River of Dust by Virginia Pye….

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River of Dust@EllenWeeren or @AReasonToRead

Reading this book was a special treat for me because I had the chance to meet Virginia Pye before I read her novel – even got me a signed copy, I did. And, by the by, she is delightful.

This historical novel is set in Northwest China in 1910 and chronicles the lives of a missionary couple whose young son, Wesley, is kidnapped by nomads right before their eyes.

Some reviewers have called this a “dark” novel but I disagree. I think it’s a beautiful (albeit sad) telling of what might happen when parents who, for what they believe is the greater good, willingly expose their child to dangers he would not have experienced otherwise.

It’s a story about birth and loss and guilt and trying to start over under impossible circumstances. It’s the ultimate test of faith –  not just in God but also in the ones we love – it’s the slow unraveling of reasonable madness.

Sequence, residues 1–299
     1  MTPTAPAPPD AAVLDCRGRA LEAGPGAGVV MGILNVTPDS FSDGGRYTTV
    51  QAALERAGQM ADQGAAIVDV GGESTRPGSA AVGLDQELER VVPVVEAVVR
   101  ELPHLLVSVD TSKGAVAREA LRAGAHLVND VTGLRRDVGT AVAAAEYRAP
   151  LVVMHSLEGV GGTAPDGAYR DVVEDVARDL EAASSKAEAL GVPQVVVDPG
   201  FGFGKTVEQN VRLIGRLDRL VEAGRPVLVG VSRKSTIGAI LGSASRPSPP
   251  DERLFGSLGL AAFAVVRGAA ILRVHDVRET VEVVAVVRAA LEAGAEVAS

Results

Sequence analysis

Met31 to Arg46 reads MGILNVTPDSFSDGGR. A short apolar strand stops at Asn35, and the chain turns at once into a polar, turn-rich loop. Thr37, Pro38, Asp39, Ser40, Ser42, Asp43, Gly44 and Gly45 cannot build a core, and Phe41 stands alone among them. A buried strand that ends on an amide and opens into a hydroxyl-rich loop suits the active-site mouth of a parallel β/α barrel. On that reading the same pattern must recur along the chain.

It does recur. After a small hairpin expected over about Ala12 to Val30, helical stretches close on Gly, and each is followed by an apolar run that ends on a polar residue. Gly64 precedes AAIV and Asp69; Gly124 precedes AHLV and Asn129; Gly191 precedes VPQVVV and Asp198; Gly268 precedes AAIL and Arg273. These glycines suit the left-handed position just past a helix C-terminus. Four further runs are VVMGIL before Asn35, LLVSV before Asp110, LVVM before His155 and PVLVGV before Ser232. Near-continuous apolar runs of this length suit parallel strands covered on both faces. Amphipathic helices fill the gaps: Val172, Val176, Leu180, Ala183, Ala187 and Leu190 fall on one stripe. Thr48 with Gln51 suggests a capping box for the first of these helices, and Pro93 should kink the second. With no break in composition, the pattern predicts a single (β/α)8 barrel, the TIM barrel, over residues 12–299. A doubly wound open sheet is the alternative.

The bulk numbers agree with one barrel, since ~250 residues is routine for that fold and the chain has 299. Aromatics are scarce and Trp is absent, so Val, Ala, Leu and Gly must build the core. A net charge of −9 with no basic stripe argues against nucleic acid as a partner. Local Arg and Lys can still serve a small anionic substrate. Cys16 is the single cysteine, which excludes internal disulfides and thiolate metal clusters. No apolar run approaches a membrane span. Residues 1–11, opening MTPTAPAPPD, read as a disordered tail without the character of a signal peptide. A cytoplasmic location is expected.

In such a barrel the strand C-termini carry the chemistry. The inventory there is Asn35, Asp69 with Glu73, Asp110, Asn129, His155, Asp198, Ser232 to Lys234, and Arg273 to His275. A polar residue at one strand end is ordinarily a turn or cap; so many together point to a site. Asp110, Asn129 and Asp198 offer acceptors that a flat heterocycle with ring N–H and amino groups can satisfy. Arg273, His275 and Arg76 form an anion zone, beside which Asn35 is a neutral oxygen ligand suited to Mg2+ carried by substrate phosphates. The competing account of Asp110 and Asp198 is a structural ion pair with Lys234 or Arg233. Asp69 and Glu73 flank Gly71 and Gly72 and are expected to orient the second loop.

I simply loved it!

The idea of using China as a backdrop for her novel came to Virginia from her grandfather’s journals detailing his time there as, you guessed it, a missionary. She has said the similarities between this story and her grandfather’s end with the setting.

Historical fiction is one of my favorite genres but the books usually take so long to read. Virginia, however, wonderfully and concisely captured the essence of the time and place, making River of Dust a fairly quick read – and yet, it’s still compelling. I kept wondering what I would do in those circumstances.

I never came to an answer.

This is a story that will stay with you for a long time.

virginia pye2

 

 

 

The Middle Place by Kelly Corrigan…..

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(There is always the chance that a any book discussion might reveal too much about an unread story – if you haven’t read the book and want to, you might want to wait to read what is written here – just in case.)